PLATFORM:Hauliers must be fleet of foot to deal with Brexit consequences

Lorry and commercial fleet owners have a lot to think about around Brexit
Michael Blaney

WITH all this unseasonally mild weather, I’m still waiting for the ‘bleak mid-winter’ to arrive. Although treacherous driving conditions have thankfully not yet visited us this winter with any great tenacity, I always spare a thought at this time of year for the hauliers and truckers who keep our economy and society going.

Spare a thought too for the owners and managers of our local haulage companies, trying to run profitable operations in one of the most competitive industries in these islands.

Fleet insurance isn’t confined to the larger long-distance and cross-channel hauliers, many smaller companies also rely on fleets of smaller delivery vans and cars to do business – none of which is possible without proper insurance.

Our customers range from small family businesses to hauliers with fleet sizes up to 100 vehicles, and I’ve come to appreciate just what a difficult market it is and how tight margins can be.

Hauliers face an uncertain 2017, more so than most because of the potential impact of the UK's exit from the EU. Brexit may mean Brexit, according to the Prime Minister, but that’s not a particularly illuminating piece of advice for those trying to plan for the years ahead.

The truth is, Brexit’s impact won’t be evident until the nitty-gritty of the negotiations gets under way. We know what the broad strategic parameters will be, but the devil will lie in the detail.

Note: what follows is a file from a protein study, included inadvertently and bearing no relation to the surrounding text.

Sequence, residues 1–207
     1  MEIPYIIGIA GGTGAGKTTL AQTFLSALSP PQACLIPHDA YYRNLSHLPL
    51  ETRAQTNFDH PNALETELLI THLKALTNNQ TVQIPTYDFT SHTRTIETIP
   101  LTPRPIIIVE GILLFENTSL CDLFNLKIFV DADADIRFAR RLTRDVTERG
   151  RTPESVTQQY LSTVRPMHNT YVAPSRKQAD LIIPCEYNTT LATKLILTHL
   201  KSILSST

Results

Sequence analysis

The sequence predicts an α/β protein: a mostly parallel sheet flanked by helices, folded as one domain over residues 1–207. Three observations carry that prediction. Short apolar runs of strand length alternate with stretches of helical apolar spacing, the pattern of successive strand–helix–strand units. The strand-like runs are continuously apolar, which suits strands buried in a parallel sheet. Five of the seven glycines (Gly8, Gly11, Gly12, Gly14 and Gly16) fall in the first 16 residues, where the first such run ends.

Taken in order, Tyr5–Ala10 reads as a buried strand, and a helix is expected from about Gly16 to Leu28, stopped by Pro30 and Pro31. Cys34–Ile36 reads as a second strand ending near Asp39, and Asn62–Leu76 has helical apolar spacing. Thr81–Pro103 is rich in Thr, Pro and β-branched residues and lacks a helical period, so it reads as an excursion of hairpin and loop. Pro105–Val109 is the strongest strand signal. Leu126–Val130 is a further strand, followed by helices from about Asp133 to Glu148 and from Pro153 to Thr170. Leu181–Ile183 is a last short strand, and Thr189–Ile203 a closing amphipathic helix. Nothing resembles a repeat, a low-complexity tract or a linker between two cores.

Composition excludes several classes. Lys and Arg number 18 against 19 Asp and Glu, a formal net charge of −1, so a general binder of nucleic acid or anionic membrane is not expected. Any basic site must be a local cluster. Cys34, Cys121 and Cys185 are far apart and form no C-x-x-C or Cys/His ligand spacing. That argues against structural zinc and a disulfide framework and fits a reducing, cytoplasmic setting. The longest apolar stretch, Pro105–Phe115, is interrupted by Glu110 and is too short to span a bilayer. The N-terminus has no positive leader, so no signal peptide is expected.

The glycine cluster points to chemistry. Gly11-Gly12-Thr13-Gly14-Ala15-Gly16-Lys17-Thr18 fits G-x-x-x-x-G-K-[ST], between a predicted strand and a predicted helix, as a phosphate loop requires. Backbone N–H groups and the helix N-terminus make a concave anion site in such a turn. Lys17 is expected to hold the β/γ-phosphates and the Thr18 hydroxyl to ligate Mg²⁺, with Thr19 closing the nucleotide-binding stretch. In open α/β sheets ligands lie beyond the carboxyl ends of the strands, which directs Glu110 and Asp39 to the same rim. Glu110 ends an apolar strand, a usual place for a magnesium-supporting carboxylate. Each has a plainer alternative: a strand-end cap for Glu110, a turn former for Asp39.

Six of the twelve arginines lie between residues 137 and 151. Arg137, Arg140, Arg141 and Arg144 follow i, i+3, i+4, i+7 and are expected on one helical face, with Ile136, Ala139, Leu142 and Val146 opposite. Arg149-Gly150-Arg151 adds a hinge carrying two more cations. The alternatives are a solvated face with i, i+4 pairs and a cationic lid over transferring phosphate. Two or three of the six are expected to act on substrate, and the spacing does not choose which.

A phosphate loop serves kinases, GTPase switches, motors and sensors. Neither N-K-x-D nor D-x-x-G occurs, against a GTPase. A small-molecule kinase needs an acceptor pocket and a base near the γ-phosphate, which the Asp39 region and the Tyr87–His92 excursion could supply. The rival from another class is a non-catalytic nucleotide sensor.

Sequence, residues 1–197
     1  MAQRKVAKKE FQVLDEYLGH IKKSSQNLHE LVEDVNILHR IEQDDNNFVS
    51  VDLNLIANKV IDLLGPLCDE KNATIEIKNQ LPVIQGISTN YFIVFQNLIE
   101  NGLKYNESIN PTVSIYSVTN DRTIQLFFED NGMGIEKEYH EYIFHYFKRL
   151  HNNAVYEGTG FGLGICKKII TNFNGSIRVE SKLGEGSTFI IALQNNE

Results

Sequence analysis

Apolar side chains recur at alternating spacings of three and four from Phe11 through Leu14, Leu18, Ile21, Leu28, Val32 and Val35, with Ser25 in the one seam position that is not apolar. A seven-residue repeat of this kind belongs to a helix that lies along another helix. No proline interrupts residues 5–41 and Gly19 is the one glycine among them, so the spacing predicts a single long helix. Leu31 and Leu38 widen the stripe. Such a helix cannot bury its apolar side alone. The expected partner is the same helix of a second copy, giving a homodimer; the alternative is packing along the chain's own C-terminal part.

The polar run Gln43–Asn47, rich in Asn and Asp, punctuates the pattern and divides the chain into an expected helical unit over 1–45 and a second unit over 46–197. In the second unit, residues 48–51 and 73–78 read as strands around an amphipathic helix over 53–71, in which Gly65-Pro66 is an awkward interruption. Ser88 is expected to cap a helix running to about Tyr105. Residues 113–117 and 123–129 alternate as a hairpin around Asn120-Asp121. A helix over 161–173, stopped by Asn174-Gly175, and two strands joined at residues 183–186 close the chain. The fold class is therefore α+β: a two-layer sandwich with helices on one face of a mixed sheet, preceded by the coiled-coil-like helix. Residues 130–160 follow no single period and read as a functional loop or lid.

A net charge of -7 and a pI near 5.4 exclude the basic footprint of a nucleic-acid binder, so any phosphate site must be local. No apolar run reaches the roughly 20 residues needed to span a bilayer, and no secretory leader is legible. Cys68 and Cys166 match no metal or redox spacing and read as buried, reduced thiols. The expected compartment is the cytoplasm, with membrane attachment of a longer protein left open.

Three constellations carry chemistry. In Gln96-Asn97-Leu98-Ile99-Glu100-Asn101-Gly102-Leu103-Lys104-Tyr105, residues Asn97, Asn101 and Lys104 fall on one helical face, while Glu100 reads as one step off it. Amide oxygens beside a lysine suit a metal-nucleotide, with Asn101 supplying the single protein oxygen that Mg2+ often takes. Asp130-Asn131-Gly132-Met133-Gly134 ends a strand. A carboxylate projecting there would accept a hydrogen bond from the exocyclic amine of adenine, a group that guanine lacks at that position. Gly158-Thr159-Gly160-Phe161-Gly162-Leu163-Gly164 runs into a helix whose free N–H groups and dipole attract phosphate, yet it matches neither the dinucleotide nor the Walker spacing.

As the only part of the UK with an EU land border, local hauliers will be particularly vulnerable to potential new costs, restrictions and bureaucracy. Free movement and the Common Travel Area have served the local economy well, but will this business-friendly regime be replicated post Brexit? Only time will tell.

In the meantime, while fleet managers can play out various scenarios of how a post-Brexit UK will look, there’s only so much value to be gained from trying to second guess the future.

A more productive use of time – at least for the short term – may be to focus on those areas of the business which are within your control such as reviewing existing practice and adopting strategies to help mitigate the impact of any claims.

Many of the options are common sense, but unless procedures are reviewed regularly and in a structured manner, every business can end up missing the basics, distracted by the frenetic pace at which modern commerce operates.

Tactics can include reducing the number of incidents which drivers are involved in through improved maintenance, more up-to-date and regular training, greater enforcement of rest breaks, or adopting new technology such as accident sensors and cameras which provide useful evidence to help defend claims.

Tracking vehicles is also becoming increasingly popular and has proven to be very cost effective, helping fleet managers monitor drivers’ speed as well as improving fuel efficiency.

Other things to consider include reassessing where vehicles are parked and to take time to review your driver profile. For instance, the more experienced your team is, the less likely they are to be involved in accidents and cause claims.

It may be a decade before Brexit’s implications are fully understood. Until then, continue to prepare for the future, but don’t forget to take action in the here and now.

:: Michael Blaney is managing director of Autoline Insurance Group (


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